At this moment, Woodhull’s life was saved by an unlikely hero, Captain Benjamin Floyd. Floyd, a lifetime Setauket resident and well-known Loyalist, pleaded with Simcoe, insisting that the Woodhulls were loyal to the Crown. His men had already beaten his father without cause. Were they really to murder his son, at his orders no less?


Simcoe’s anger abated, and he relented. Woodhull lived to tell the tale. However, his time as an agent was over. He was a marked man. Luckily for the American cause, Woodhull had recruited another agent in British-occupied New York City during his visits: Robert Townsend. He was given the codename Samuel Culper Jr.


With Culper Sr. unavailable, Culper Jr. got to work. Townsend was an alcohol merchant. In a city inundated with thousands of soldiers and sailors, Townsend dealt primarily with soldiers and sailors of all ranks and stations. When his clients came to purchase their spirits, Townsend could gently probe for information by asking harmless questions.


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Portrait of James Rivington in 1806 by Ezra Ames. The portrait is a copy of a lost original by Gilbert Stuart. Source: the National Portrait Gallery, Washington DC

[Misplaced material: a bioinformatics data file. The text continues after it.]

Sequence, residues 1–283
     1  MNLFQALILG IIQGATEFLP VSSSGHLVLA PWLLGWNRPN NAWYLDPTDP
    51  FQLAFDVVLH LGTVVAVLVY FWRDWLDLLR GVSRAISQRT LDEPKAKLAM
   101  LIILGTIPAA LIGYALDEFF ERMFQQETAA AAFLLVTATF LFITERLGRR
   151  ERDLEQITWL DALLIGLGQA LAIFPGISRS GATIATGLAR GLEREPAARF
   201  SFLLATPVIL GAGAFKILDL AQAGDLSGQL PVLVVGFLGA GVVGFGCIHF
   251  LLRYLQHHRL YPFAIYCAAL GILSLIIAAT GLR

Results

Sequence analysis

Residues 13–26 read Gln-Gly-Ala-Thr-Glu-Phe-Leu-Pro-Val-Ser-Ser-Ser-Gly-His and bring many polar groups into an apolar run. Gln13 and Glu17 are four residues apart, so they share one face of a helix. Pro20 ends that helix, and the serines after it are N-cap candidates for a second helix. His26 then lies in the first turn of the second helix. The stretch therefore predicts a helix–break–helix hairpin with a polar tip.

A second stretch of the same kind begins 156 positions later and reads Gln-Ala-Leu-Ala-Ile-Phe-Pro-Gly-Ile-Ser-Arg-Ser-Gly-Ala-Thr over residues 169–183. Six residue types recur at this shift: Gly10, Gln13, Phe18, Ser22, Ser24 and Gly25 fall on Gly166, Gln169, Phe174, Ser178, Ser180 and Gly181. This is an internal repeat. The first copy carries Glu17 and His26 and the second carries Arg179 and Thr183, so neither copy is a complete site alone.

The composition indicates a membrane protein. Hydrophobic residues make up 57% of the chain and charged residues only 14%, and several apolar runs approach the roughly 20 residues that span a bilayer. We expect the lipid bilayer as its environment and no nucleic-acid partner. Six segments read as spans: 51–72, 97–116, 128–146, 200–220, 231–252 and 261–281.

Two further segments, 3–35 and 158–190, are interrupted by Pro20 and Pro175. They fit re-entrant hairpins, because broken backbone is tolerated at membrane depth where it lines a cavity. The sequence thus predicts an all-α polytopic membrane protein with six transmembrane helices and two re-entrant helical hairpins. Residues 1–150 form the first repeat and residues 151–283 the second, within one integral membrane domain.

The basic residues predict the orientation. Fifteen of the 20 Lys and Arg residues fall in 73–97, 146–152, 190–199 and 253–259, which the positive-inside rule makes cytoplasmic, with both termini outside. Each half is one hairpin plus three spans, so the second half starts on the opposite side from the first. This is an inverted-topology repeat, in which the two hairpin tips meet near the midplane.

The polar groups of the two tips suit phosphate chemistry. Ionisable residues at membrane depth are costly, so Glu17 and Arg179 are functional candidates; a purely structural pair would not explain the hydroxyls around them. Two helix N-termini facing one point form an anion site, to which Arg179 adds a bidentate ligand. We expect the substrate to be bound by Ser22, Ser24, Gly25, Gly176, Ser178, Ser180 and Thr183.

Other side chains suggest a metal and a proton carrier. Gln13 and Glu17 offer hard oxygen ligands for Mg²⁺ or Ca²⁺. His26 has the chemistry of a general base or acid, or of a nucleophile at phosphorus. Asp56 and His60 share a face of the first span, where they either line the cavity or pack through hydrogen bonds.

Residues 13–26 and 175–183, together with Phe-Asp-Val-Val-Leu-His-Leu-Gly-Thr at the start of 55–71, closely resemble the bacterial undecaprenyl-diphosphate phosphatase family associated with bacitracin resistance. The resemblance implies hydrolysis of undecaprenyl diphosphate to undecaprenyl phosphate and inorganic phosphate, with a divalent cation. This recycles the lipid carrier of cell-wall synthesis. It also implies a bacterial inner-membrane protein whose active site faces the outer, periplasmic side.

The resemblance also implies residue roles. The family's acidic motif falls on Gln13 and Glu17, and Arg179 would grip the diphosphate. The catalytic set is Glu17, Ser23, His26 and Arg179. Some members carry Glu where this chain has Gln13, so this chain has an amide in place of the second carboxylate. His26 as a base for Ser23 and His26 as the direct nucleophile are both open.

The big break came when James Rivington, a business partner, dedicated Loyalist, and printer of the pro-British Royal Gazette, asked him for help. Directing the day-to-day affairs of the coffee house they co-owned prevented Rivington from conducting interviews with British civil and military officials. Would Townsend be willing to do the interviews so Rivington could reprint them in the Royal Gazette?


Townsend couldn’t believe his luck. He accepted Rivington’s proposal and swiftly threw himself into his work, his journalistic career gaining him access to the highest levels of the British administration. Better yet, his status as a news reporter for a pro-Loyalist paper insulated him from suspicion. He was merely a journalist asking questions and taking statements for the faithful British subjects of New York City.